Scientists have for the first time confirmed color in a dinosaur. Don't think purple Barney, but reddish-orange Conan O'Brien.
The first solid proof of pigmentation has been spotted in the fossilized tail feathers of a smallish meat-eating dinosaur found in China and named Sinosauropteryx. The creature seems to have russet colored rings, according to a paper published online Wednesday in the journal Nature.
That 125 million-year-old tail has the same internal cellular coloring agents as the hair of a red-haired person, said study lead author Mike Benton, a professor of paleontology at the University of Bristol in England. And the same finding provides what some outside experts say is even more conclusive evidence that some dinosaurs had feathers, further linking them to birds.
Benton and his colleagues didn't actually see the reddish color itself. Using an electron microscope, they spotted the specific cellular signs of the color. An earlier study by another group of researchers and Benton's team found similar cellular color hints in prehistoric bird feathers.
Drawings of dinosaurs show them in all sorts of hues, usually duller Earth tones such as brown and gray, but scientists have only speculated on their coloring. As their connection to birds came to light, so did the idea of brighter colors. But until now, there was no proof of any coloring.
Before Benton's technique, which is likely to be copied with other dinosaur fossils, paleontologists had to look to a dinosaur's anatomy to guess at colors, said famed dinosaur expert Paul Sereno at the University of Chicago. The color and the feathers were probably used for display, like a peacock, he theorized. Sereno, who wasn't part of Benton's team, called it a "landmark paper" that gives us "a sneak peek at how they might have appeared when alive."
"That's really cool just to be able to pin down this aspect," said University of Maryland paleontologist Thomas Holtz Jr., who wasn't part of the discovery team. "It does sort of help bring a more complete view of the living creature ... and further from just being a bunch of bones."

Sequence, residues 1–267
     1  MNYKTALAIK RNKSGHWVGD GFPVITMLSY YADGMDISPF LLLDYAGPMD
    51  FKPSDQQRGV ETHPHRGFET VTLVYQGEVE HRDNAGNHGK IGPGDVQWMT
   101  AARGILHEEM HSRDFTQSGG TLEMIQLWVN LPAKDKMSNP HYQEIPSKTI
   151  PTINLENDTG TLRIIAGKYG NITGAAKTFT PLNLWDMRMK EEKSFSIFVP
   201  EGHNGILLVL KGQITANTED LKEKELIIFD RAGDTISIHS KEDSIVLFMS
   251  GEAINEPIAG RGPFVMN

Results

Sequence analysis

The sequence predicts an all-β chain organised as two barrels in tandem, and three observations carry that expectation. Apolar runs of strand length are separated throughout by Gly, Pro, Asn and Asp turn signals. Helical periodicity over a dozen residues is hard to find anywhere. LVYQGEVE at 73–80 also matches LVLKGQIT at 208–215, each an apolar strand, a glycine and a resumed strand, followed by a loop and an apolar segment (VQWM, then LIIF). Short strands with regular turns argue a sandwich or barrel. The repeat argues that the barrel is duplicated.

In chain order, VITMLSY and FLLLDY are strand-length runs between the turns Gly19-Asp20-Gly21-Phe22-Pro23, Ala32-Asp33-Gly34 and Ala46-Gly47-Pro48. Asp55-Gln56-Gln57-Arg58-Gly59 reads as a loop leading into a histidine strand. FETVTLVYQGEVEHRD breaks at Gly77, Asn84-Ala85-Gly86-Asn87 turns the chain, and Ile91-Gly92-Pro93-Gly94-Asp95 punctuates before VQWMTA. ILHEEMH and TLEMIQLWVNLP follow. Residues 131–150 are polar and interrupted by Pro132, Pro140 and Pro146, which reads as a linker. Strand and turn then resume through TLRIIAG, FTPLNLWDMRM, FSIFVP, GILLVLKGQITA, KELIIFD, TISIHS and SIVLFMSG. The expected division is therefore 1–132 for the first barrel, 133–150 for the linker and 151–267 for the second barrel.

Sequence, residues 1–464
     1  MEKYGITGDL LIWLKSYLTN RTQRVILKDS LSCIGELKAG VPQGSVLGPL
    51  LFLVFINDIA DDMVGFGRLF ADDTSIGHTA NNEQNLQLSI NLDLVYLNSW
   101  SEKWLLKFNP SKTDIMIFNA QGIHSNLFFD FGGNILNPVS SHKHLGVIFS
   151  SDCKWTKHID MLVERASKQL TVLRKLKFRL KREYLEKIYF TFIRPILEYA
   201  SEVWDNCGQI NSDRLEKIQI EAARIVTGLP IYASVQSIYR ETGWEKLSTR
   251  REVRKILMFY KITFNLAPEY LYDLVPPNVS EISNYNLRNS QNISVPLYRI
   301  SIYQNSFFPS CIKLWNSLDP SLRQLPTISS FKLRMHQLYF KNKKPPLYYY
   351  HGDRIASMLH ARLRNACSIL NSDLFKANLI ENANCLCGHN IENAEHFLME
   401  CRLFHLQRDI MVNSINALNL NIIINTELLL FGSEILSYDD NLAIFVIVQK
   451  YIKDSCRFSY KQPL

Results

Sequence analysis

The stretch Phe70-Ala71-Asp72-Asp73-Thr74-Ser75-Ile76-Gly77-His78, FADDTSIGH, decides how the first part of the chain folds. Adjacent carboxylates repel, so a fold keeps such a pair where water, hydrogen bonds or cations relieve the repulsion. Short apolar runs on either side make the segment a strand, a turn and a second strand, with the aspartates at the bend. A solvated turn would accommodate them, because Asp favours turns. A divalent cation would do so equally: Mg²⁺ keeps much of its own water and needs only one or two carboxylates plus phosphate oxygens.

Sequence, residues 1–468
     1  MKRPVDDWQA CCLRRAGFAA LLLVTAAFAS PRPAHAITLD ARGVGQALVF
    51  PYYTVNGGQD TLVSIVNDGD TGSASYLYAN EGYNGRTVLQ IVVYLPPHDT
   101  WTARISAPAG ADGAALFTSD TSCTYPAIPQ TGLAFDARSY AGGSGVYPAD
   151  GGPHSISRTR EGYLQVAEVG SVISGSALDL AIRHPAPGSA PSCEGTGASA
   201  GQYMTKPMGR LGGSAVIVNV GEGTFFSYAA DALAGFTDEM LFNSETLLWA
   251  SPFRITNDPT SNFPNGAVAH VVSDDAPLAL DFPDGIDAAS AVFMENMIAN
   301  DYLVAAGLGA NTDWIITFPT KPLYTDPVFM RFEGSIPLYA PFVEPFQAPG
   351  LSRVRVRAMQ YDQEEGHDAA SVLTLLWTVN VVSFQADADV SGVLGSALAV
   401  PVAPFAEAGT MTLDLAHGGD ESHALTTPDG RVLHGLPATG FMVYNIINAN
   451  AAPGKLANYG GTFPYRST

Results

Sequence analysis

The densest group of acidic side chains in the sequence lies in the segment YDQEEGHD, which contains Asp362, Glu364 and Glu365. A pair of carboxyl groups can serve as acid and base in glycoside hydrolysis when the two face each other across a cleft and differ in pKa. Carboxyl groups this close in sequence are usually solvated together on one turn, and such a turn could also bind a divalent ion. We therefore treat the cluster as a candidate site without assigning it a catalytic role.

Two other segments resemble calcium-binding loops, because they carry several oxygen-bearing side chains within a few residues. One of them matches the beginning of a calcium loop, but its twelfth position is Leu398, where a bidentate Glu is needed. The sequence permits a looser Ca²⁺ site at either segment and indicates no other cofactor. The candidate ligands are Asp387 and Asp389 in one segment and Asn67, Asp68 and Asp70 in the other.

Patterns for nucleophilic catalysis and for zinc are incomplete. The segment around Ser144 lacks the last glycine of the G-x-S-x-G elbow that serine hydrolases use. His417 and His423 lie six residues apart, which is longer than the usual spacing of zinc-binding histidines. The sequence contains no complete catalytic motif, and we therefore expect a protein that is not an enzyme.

This dinosaur was "a dinky little guy," Holtz said. Adult Sinosauropteryx were about three feet long, but the tail accounted for more than half of that length and it had a long neck, so "there's not a lot of dinosaur there," he said. It fed on small mammals, sort of like a prehistoric roadrunner, he said.
While some dinosaurs are rather closely connected to birds evolutionarily, Sinosauropteryx is not. It was around earlier than the beginnings of birds and is the "most primitive feathered" dinosaur, Benton said. And those feathers, early in their evolutionary development, resemble tiny bristles, less than one-fifth of an inch tall, he said.
"They are stuffed with melanosomes just like any other feathers," Benton said. Melanosomes are molecules that contain color-producing pigments. With the pigment long gone in fossils, the shape of the melanosome shows what color it used to be. Sinosauropteryx had sphere-shaped melanosomes which translate to red, and sausage-shaped ones which are whitish-gray.
He and other researchers say the findings also strongly suggest these are feathers and not cartilage or some other tissue. Benton said it disproves the concept that the material is bacteria, a theory floated by a handful of scientists who still disagree with the mainstream view that dinosaurs had feathers.
One of those feather skeptics, John Feduccia at the University of North Carolina, was not convinced by the Benton study. He said the melanosomes are not similar to those of other animals and doesn't disprove the bacteria concept.
"Many people want dinosaurs to be feathered, so evidence is typically stretched beyond its content," Feduccia said in an e-mail. "There is a strong lure to be able to vicariously study dinosaurs at the backyard bird feeder."
However, Sereno said Benton's research makes the case that color cells couldn't be bacteria because they are packed orderly instead of randomly.
The idea of feathers on dinosaurs and the link to birds "is pretty much, I think, a done deal," Sereno said.